“To view this as a referendum on Bush is overstating it,” he said. But he added: “Bush’s coattails are short, and people want someone at the end of the day who is going to be independent.
“For a lot of these culturally conservative swing voters, you need to reassure them on values issues so that they are open to hearing another message,” Ralston said. “Before they listen to you they need to be reassured you are like them.”
It remains unclear whether the anger to which Matsui referred will continue to be a potent motivator to the Democratic base both in South Dakota, where a special House election is scheduled for June 1, and, more importantly, in November.
In South Dakota, attorney Stephanie Herseth (D) and state Sen. Larry Diedrich (R) are competing for the seat of former Rep. Bill Janklow (R), who resigned Jan. 20 after being convicted of second-degree manslaughter. Early polls have shown Herseth, the 2002 nominee for the at-large seat, far ahead.
At this point, it does not appear as though Democrats have fielded enough serious challengers to Republican incumbents to take advantage of the anger in their base toward the Bush administration and House GOPers.
Reynolds was quick to point out this relative dearth of strong Democratic challengers.
“It is difficult to gain momentum without candidates,” he said, noting that the 2002 GOP freshman class is the largest since the 1994 Republican revolution that delivered the party into the majority.
According to Reynolds, 21 of the 40 freshman Republican Members have no announced Democratic challenger.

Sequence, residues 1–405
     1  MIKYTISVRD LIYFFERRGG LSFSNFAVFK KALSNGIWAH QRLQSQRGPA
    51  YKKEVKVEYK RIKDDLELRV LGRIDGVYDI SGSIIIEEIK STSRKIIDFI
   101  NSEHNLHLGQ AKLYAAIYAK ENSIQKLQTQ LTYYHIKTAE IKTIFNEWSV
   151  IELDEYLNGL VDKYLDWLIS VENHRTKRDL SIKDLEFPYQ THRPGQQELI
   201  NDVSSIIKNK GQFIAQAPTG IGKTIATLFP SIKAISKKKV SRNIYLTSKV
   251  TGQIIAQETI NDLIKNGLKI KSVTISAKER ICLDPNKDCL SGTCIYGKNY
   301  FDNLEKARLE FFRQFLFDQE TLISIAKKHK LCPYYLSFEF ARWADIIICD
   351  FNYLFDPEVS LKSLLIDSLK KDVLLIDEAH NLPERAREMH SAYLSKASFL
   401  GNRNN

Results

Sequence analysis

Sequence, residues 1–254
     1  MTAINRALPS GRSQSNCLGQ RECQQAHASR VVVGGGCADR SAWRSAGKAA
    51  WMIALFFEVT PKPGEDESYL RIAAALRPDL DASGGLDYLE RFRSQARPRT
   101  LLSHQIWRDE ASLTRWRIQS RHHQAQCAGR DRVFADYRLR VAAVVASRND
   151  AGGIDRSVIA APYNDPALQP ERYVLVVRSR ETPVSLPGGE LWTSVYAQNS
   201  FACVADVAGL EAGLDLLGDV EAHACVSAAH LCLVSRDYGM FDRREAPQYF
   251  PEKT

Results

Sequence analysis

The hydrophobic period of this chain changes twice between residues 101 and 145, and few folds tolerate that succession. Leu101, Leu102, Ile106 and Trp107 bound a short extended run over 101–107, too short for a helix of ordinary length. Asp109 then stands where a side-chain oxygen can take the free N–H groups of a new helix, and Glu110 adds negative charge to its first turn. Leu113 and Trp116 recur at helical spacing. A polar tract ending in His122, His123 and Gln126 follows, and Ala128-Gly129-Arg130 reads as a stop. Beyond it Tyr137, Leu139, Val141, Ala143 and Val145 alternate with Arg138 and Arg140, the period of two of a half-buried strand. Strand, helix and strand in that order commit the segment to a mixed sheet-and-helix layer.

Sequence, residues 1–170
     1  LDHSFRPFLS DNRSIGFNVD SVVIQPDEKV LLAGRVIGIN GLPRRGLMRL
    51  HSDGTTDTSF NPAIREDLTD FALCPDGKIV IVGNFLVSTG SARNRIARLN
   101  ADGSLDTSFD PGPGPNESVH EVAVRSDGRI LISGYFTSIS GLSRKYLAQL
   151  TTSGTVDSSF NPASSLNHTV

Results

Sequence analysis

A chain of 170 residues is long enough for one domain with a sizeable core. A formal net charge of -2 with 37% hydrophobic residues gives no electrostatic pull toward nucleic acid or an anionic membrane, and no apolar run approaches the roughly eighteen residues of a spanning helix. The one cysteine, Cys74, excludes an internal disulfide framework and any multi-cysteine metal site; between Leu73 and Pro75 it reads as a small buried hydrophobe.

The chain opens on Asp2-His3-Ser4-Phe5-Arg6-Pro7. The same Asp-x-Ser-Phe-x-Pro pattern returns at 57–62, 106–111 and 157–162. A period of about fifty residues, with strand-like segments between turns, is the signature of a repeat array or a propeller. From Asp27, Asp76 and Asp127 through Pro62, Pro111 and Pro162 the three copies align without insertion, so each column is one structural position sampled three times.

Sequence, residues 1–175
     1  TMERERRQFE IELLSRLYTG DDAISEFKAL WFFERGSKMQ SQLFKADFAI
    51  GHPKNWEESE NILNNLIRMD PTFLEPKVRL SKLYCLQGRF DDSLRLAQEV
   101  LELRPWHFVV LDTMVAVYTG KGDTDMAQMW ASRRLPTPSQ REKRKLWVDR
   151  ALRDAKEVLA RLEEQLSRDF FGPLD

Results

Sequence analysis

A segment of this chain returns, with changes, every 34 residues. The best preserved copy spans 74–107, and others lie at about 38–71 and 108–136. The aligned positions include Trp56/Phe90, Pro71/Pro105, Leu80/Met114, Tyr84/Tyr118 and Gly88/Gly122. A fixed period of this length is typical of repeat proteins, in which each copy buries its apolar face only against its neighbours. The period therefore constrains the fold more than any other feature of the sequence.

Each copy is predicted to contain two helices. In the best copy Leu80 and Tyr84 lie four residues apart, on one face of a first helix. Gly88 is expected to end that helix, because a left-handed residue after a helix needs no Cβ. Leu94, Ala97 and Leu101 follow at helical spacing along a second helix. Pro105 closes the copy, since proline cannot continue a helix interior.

While Republicans were unified in insisting that Kerr’s loss would have no lasting impact on their efforts to stay in the majority, there was significant infighting over how the race was run.
Some GOP strategists directed their ire at Sen. Mitch McConnell (R-Ky.), who deployed his chief of staff and a press spokeswoman to oversee the Kerr campaign.
“You had McConnell, McConnell’s staff and McConnell’s consulting team surrounding this candidate and she stumbled from the get-go,” said one GOP source.
The most glaring error came in an early Kerr ad in which she said the Congressional seat was not a “consolation prize” for her, implicitly referring to Chandler’s failed 2003 gubernatorial bid, said the source.
The source also pointed out that McConnell first used the phrase “consolation prize” when Chandler was considering entering the House race and was the lead proponent of using that line of attack on television.
“That was a very poor strategic decision and one that the campaign — even with the NRCC’s help — could not recover from,” the strategist said. Voters saw the ad as an attack from a candidate they barely knew, which drove Kerr’s negatives up and hurt her credibility, the GOP operative said.
But Republicans privately admitted in the weeks leading up to the vote that Chandler had done an effective job of insulating himself from potential GOP attacks, leaving them with little fodder for hard-hitting television ads.
Williams, the state party chairwoman and a McConnell ally, said that “for anyone to lay blame at Senator McConnell’s feet is unfair, sour grapes and a cheap shot.”
She did acknowledge that as the most high-profile Republican in the state, McConnell is a lightning rod for credit when GOPers win and blame when they lose.
McConnell is widely viewed as the architect of the Republican Party’s dominance in the Bluegrass State over the past decade, which included takeovers of four of the state’s six House seats, a Senate seat and the governor’s office.
“There is not anybody who has done more in the trenches for us than Mitch,” she said.